The use of technology to address health problems across the lifecycle of women has found its moment, delegates of a FemTech conference in London heard this week, propelled by the desire of women to get access to their own health data and take control of their own health decisions.
The atmosphere at the FemTech lab’s “Decoding the Future of Women” conference was buzzy, with more than two hundred participants engaging in lively discussions of apps for tracking menstruation, fertility and the menopause as well as artificial wombs, wellness and sex.
Participants included developers, hackers, entrepreneurs, research scientists and clinicians, with morning sessions standing room only.
Until a decade ago, women accounted for around 10% of participants in clinical trials, leading to a dearth of detailed evidence about how hormones, genetics and the environment affect women’s bodies.
The growing demand for more knowledge and better diagnostics is propelling many of the innovators in the FemTech field, speakers said.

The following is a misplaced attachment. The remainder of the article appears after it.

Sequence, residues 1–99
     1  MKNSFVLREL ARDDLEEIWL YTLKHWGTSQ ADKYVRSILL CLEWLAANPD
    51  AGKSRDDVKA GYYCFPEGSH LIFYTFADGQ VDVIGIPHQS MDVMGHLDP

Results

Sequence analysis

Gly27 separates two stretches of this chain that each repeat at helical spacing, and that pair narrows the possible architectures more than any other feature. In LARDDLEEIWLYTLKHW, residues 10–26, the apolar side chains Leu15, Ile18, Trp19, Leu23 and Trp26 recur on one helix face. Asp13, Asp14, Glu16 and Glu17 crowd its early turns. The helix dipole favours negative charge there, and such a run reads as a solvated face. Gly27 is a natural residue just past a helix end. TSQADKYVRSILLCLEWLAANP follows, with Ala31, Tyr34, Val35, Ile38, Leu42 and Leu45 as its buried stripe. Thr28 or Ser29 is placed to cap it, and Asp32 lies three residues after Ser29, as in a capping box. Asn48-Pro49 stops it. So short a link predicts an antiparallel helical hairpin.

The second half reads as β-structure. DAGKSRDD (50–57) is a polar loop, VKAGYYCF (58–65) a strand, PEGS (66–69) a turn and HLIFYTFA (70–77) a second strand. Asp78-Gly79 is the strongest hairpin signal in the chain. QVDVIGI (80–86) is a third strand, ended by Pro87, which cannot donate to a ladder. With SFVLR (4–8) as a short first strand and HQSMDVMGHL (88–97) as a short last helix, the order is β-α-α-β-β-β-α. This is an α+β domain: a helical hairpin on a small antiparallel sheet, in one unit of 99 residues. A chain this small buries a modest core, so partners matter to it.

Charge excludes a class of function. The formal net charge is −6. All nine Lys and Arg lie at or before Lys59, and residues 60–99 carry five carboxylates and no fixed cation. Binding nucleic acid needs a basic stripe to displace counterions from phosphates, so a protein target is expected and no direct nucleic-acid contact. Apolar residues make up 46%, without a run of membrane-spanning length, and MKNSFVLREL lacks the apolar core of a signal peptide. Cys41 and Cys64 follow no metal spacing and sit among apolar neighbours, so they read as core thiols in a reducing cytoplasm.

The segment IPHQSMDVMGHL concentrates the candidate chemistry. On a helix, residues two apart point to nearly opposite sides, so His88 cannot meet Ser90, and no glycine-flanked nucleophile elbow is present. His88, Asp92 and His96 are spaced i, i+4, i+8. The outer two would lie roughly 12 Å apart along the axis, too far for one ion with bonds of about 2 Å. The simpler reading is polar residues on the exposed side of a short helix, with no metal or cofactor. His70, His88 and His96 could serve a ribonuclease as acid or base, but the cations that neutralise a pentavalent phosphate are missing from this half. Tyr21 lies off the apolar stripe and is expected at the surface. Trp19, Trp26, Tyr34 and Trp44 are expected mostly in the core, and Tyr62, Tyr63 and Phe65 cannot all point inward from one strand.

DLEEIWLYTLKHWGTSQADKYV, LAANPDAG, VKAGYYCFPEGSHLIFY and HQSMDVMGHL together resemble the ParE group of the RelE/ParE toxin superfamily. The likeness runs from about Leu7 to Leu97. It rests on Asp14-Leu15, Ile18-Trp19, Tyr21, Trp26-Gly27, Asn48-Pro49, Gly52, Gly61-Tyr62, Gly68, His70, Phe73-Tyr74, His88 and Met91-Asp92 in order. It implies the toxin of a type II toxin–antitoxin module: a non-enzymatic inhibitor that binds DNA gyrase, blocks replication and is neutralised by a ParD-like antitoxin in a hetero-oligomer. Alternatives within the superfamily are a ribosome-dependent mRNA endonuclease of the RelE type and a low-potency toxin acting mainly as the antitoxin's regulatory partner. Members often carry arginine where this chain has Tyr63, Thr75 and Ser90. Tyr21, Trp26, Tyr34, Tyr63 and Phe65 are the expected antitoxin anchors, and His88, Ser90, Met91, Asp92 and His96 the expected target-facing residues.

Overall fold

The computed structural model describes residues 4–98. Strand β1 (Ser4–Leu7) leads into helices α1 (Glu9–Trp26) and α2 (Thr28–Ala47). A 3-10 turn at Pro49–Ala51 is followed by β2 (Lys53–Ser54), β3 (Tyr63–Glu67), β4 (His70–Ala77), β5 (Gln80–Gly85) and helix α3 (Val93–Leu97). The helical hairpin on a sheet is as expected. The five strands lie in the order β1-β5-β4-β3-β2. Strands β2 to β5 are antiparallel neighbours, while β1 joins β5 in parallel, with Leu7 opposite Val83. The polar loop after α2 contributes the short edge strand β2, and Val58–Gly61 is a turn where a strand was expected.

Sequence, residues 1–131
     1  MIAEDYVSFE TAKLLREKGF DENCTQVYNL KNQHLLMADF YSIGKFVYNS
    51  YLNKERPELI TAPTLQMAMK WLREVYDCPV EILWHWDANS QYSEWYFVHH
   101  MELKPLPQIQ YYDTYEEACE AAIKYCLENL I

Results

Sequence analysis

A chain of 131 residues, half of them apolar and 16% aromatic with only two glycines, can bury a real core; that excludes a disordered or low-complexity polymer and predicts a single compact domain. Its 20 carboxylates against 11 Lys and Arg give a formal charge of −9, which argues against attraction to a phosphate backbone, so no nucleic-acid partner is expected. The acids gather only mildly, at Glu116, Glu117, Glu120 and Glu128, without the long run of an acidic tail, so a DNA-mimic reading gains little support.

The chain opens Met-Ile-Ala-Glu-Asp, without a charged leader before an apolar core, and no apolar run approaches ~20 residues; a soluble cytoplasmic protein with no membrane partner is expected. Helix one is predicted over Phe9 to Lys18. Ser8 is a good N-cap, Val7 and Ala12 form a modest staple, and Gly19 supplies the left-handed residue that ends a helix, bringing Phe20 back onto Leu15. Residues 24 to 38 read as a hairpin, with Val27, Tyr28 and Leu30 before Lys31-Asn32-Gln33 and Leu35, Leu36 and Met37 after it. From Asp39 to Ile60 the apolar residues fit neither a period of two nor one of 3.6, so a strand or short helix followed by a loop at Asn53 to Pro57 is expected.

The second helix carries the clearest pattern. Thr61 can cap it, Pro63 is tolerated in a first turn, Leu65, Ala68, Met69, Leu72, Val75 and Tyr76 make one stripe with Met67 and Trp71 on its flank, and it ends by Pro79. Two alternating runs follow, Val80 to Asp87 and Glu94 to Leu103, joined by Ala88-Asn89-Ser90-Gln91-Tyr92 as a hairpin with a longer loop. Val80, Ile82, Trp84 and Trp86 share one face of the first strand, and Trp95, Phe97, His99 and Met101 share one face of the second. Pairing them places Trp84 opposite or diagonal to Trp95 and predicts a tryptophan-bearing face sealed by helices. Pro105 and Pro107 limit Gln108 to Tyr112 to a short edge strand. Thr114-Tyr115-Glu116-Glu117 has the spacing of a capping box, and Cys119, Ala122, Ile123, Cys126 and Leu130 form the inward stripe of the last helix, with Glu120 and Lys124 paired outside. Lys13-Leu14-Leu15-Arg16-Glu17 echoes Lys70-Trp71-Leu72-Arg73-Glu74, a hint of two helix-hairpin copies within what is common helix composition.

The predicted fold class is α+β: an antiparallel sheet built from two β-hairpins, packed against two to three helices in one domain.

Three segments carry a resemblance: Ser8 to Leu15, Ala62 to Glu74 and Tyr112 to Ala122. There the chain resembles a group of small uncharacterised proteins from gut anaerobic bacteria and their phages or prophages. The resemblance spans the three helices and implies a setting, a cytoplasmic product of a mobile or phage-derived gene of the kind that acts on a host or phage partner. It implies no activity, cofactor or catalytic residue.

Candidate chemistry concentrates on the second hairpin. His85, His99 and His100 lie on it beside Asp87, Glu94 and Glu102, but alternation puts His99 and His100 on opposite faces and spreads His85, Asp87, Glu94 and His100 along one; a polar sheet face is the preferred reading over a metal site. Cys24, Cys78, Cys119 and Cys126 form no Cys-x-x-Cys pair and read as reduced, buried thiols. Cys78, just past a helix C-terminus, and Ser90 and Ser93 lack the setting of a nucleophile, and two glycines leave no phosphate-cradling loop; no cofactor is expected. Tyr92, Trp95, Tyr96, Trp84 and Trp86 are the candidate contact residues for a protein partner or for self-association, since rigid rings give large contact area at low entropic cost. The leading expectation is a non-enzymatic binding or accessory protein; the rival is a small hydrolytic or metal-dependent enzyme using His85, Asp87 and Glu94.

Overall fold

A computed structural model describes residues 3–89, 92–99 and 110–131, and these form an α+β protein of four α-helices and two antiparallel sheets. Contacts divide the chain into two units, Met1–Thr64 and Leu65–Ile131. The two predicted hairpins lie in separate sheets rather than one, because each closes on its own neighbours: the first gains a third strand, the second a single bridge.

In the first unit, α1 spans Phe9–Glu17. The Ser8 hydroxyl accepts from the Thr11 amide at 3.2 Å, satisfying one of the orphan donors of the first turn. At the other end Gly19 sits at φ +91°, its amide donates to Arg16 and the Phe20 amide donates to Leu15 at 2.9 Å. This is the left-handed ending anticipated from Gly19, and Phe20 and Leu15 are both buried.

Helen O’Neill, a lecturer in reproductive and molecular genomics and CEO and founder of hormone and fertility testing service Hertility Health, said the need to collect more information became especially apparent when her company was looking to build trials to develop an algorithm of someone’s risk factors for infertility symptoms.
“It shocked us the data that exists that informs current clinical practice is based on such poor data sets,” she told attendees.
Kristina Masalin, a product manager at sleep and health tracking wearable device company Oura, said having data about their own health could provide women with a history to share with doctors, potentially saving both patients and clinicians valuable time.
Better information is also empowering, Masalin and other speakers told the FemTech audience.
Susan Thomas, clinical director at Google Health, said: “Giving women control and information is huge. Being able to have the information to give to your GP is not part of the old world of having asymmetry of information; it allows us to keep ourselves well and manage our health. It’s a whole shift.”
Last month, the Health Innovation Network announced “Accelerating FemTech”, a new initiative that will support innovators to boost the development of technology solutions to address current challenges in women’s health.